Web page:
Turkmenistan to tap into Southern Gas Corridor

Map of the Caspian Sea region [Wikimedia]

Gas swaps in which Iran plays a central role could open the door for Turkmenistan, a Central Asian country with ample gas reserves, to become an important player on the EU gas market, according to media reports.

The volume of gas transported along the Southern Gas Corridor (SGC) may be increased thanks to gas from Turkmenistan, Azerbaijan’s Energy Minister Parviz Shahbazov said in an interview with the Trend agency published on Tuesday (8 May).

Turkmenistan is one of the countries with the richest gas reserves in the world, but it is located on the “wrong” side of the Caspian Sea, which has prevented it from exporting its energy resources to Europe.

“The SGC initiated by Azerbaijani President Ilham Aliyev with the involvement of new exporters, transit countries and consumers, has the prospect of expansion in Eastern and Central Europe, including the Balkans,” Shabhazov was quoted as saying.

He added that in the future, SGC can increase its capacity thanks to new gas sources in Azerbaijan, including gas from Turkmenistan.

Azerbaijan is getting near to bringing gas to the EU via the EU-supported SGC. The $40 billion, 3,500-km chain of pipelines is a step towards curbing Russia’s one-third share of Europe’s natural gas market.

SGC consists of three pipelines: The South Caucasus pipeline extension via Azerbaijan and Georgia, the Trans Anatolian Pipeline [TANAP] across the Turkish territory and the Trans Adriatic Pipeline (TAP) crossing Greece and Albania to reach Italy.

The source of gas is the Shah Deniz 2 offshore gas field in Azerbaijan’s economic zone in the Caspian Sea. The first molecules of gas are expected to start flowing to the EU in 2020.

Top policymakers reassure Europe on Azeri gas deadline

The Southern Gas Corridor will start pumping gas from the Caspian Sea to Europe by 2020, its backers said yesterday (23 February), despite the risk of delays to this option for reducing dependence on Russia.

Turkmenistan is only at 200 kilometres on the other side of the Caspian Sea. It has much more gas than Azerbaijan but cannot export it westward for the lack of an offshore pipeline. Such a project is hardly feasible until Azerbaijan, Iran, Kazakhstan, Russia and Turkmenistan reach an agreement for a delimitation of the Caspian Sea.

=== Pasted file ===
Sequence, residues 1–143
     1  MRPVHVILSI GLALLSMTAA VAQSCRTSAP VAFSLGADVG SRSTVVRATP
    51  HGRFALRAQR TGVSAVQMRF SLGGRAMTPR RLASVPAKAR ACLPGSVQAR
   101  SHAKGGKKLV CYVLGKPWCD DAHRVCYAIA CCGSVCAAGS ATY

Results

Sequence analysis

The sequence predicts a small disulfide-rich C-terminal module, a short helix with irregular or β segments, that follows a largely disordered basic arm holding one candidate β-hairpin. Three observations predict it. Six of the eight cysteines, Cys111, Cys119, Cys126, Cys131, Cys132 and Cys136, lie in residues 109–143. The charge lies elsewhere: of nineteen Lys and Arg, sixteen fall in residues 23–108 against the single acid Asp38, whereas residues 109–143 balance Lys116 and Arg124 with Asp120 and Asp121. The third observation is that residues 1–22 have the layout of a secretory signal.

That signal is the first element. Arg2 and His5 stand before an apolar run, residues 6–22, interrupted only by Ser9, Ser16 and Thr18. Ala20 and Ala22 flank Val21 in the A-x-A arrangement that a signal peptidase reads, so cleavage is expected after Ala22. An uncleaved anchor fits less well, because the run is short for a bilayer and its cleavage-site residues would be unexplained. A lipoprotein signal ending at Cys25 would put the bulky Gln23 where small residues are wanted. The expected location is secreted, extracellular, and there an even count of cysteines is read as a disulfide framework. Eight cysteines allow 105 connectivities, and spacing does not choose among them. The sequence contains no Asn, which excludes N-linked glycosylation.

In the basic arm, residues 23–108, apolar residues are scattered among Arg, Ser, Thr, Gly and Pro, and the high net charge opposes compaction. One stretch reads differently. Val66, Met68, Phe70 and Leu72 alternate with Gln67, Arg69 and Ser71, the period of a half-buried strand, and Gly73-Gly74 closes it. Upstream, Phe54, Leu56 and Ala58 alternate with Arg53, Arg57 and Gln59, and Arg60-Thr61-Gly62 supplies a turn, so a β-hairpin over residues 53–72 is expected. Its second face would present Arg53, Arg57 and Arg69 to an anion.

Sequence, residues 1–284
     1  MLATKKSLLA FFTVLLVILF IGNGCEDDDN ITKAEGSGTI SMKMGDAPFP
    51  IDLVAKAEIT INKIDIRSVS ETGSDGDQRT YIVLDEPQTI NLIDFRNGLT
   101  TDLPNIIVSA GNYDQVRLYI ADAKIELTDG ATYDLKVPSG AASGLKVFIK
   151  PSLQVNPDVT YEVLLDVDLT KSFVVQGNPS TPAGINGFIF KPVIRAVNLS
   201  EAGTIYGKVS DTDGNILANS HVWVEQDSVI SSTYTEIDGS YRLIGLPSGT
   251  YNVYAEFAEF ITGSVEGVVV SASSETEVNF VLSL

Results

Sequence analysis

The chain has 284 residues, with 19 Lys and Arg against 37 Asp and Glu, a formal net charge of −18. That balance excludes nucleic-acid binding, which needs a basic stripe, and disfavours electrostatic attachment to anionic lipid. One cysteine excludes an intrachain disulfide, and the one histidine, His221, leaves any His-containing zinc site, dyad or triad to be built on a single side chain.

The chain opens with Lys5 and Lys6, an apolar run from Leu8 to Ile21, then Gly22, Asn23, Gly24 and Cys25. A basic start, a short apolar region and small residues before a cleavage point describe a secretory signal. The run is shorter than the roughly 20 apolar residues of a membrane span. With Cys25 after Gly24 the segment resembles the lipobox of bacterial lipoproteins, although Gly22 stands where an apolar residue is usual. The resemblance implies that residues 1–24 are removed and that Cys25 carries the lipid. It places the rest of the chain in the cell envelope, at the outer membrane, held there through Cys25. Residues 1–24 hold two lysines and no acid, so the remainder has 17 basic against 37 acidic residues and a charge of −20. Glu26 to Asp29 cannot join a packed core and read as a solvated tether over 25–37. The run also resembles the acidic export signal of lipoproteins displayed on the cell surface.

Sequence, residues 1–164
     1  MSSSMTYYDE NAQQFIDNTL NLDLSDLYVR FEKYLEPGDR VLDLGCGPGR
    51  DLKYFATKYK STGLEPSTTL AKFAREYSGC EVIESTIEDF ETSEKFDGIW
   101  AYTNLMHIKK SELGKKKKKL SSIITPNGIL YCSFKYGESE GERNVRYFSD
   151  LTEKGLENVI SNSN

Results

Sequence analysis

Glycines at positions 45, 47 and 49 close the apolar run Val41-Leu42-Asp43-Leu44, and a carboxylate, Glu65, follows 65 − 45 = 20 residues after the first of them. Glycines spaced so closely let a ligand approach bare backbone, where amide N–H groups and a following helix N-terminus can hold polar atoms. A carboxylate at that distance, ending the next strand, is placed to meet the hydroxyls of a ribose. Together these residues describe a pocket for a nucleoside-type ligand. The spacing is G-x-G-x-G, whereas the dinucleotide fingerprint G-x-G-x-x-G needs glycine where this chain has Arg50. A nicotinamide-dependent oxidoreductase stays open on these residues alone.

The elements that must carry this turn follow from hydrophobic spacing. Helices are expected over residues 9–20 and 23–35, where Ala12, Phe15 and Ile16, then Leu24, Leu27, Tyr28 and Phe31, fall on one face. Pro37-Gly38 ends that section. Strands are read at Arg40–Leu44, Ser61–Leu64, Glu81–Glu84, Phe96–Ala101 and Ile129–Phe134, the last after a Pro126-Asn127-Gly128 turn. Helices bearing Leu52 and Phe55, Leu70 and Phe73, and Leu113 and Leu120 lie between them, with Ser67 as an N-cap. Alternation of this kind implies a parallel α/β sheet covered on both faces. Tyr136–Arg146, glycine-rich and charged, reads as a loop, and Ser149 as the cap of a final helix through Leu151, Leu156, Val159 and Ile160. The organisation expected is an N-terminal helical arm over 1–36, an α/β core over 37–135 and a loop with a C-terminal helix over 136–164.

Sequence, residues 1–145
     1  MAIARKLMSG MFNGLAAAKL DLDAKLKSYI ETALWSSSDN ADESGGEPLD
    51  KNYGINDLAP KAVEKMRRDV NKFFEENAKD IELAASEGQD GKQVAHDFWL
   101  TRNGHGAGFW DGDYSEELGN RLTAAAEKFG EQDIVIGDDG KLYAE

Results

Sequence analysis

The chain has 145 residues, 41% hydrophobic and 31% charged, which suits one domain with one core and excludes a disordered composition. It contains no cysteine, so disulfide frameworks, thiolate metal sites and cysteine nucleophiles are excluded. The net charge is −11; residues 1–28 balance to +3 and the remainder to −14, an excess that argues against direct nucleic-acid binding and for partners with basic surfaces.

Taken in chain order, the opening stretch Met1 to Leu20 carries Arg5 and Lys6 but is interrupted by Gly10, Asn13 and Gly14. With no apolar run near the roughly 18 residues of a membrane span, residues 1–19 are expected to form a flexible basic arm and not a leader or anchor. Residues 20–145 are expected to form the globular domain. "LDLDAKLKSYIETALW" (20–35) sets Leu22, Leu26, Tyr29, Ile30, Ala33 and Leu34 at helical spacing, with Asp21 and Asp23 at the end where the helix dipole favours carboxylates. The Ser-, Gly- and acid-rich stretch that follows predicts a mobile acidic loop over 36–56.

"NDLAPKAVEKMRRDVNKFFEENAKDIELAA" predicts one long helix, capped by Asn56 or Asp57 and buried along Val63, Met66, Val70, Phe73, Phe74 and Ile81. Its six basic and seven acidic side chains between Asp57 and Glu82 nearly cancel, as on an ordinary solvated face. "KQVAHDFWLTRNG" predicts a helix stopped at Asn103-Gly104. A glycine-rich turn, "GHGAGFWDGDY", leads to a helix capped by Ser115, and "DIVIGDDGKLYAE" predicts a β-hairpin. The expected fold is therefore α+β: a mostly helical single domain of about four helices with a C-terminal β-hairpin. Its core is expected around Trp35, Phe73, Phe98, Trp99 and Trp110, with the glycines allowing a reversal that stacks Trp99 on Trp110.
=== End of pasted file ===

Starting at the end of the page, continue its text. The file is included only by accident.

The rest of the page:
According to press reports, Turkmenistan could become a player in the EU gas market via gas swaps with Iran. Because of economic challenges, Turkmenistan has been seeking to find more buyers, other than China, for its natural gas riches.

Hamidreza Araqi, managing director of National Iranian Gas Company, was quoted as telling the Iranian press that Turkmenistan was hoping to strike more swap deals to supply Azerbaijan and Armenia with up to 15 million cubic meters of gas daily via Iranian pipelines (5.4 bcm/y).

“Turkmenistan is currently sending nearly six million cubic meters of gas [daily] to Azerbaijan through Iran,” Araqi said last January.

Under the swap deal, Iran receives Turkmenistan gas at their common border and delivers the same amount of gas at its border with Azerbaijan.

During a visit to Turkmenistan last March, Iranian President Hassan Rouhani was quoted as saying the two governments want to increase gas swap transactions and make a more extensive use of pipeline infrastructure to export Turkmen gas to third countries.

“Iran and Turkmenistan are very rich and powerful in the energy sphere, and so we agreed to undertake efforts to take our partnership in the sector to a higher level. We agreed in future to undertake wide-ranging talks on energy issues and I trust that during our future encounters, we will conclude major agreements,” Rouhani said.

The joint development of offshore gas fields in the Caspian was also discussed during the visit.

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